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Oct 2, 2018 Latest post:
Nov 6, 2018
I'm writing this to keep the friends and family of my mom, Vonda Singer, updated in regards to her medical journey. About a month ago mom was hospitalized with kidney issues and it was discovered that her white blood cell count was very low. After they got her kidney function straightened out, the doctors recommended she go for a bone marrow biopsy to see why her count was low. Before she could make that appointment, she was hospitalized again - this time it was shortness of breath and chest pain. After several more rounds of testing, they determined that her heart was fine but discovered that her hemoglobin levels were dropping dangerously low as well. The doctor ordered a blood transfusion and then the bone marrow biopsy to be done ASAP. A few days of waiting went by and mom had some answers, she was diagnosed with Acute Myeloid Leukemia (AML).
AML is a rare form of cancer, accounting for about 1% of all cancers diagnosed each year. For this next part, I'll just copy/paste so I'm not paraphrasing:
“(AML) is a cancer of the myeloid line of blood cells, characterized by the rapid growth of abnormal cells that build up in the bone marrow and blood and interfere with normal blood cells. Symptoms may include feeling tired, shortness of breath, easy bruising and bleeding, and increased risk of infection. Occasionally spread may occur to the brain, skin, or gums. As an acute leukemia, AML progresses rapidly and is typically fatal within weeks or months if left untreated.”
The normal course of treatment for AML is an intensive round of chemotherapy where the patient is given strong chemo for 5-7 days and then hospitalized for 4-6 weeks while the bone marrow attempts to regrow healthy. Because chemo wipes out the white blood cells (the body's infection-fighting soldiers), it is very important the patient not be exposed to anything in this timeframe. If remission is achieved, a couple more courses of chemo are administered. The medical team at the IU Simon Center downtown did not feel that mom is strong enough to undergo this treatment. They felt that if she made it through the chemo cycle, she would have other organ failure that would make the treatment not worth the risk. In cases such as this (if the patient is too old or not healthy enough for this line of treatment) an outpatient regimen that is 10 days straight of a lighter chemo is recommended. This is an ongoing treatment to be administered 10 days of each month, indefinitely. This treatment usually has fewer side effects, however is less effective at reaching remission. Something to note (that isn't pleasant) here, the doctor told us that for mom, this is an "incurable" disease...regardless of if she reaches remission, AML will return. It might be a couple months or a year, but it will return - and when it does, it will be more aggressive and likely, remission won't be achievable. Also, the doctor told us that stem cell transplant and bone marrow transplant are not options for mom.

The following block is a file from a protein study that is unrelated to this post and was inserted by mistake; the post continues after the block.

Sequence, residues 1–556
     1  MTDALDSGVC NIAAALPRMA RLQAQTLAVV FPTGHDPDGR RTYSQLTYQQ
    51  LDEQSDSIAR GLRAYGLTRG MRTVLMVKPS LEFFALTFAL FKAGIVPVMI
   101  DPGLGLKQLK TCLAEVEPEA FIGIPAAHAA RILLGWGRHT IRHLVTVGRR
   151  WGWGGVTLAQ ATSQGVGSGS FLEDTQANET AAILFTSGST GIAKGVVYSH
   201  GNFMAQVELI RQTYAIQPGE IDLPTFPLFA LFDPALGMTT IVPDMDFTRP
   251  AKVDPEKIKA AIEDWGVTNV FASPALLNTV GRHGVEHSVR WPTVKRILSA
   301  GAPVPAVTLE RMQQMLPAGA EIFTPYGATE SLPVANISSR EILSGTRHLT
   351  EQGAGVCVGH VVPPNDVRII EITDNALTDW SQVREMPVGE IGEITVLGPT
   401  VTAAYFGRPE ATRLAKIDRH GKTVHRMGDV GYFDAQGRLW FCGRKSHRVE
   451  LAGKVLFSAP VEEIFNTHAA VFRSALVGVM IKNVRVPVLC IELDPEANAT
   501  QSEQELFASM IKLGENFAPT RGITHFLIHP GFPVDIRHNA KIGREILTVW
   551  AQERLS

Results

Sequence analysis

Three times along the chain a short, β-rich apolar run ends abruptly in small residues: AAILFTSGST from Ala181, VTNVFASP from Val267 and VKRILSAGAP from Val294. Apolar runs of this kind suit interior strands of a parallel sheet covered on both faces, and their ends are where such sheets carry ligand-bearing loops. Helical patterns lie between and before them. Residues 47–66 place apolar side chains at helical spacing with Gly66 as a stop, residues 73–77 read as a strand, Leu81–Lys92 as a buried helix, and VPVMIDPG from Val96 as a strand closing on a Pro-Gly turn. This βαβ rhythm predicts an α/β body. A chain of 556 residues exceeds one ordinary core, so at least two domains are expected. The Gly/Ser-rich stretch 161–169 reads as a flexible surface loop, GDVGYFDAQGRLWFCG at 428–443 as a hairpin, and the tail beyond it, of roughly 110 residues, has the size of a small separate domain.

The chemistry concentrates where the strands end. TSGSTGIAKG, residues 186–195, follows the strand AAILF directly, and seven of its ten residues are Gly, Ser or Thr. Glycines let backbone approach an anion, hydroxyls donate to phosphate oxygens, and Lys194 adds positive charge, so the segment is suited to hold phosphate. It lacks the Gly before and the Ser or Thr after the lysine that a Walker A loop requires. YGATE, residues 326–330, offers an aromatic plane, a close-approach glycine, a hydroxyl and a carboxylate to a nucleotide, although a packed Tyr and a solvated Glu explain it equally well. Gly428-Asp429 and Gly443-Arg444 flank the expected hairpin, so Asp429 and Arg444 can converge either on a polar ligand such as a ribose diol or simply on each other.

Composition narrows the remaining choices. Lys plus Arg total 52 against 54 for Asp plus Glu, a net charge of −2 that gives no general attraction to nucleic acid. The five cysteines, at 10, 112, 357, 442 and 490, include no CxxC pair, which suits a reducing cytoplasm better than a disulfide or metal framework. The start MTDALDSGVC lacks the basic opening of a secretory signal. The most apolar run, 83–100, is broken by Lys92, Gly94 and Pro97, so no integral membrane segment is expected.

Mom chose the outpatient option. However, when she called to schedule her sessions, she was told an option three had been scheduled for her. I called to confirm and ask questions, and was told the same. So, starting tomorrow, mom will be receiving a chemotherapy shot 7 days in a row, on a 28-day cycle. We're told the remission rate is the same as the outpatient treatment, but the side-effects are less. Hopefully, this will keep mom feeling well for as long as possible. I believe the name of the drug is Vidaza, but we'll know more tomorrow.
Please keep mom in your thoughts and prayers as she goes through this journey. Our goal is to keep her feeling well as long as possible and show her love. We will keep you updated as we learn more.
With Love, Kimberly (daughter), Steve (son) and spouses and children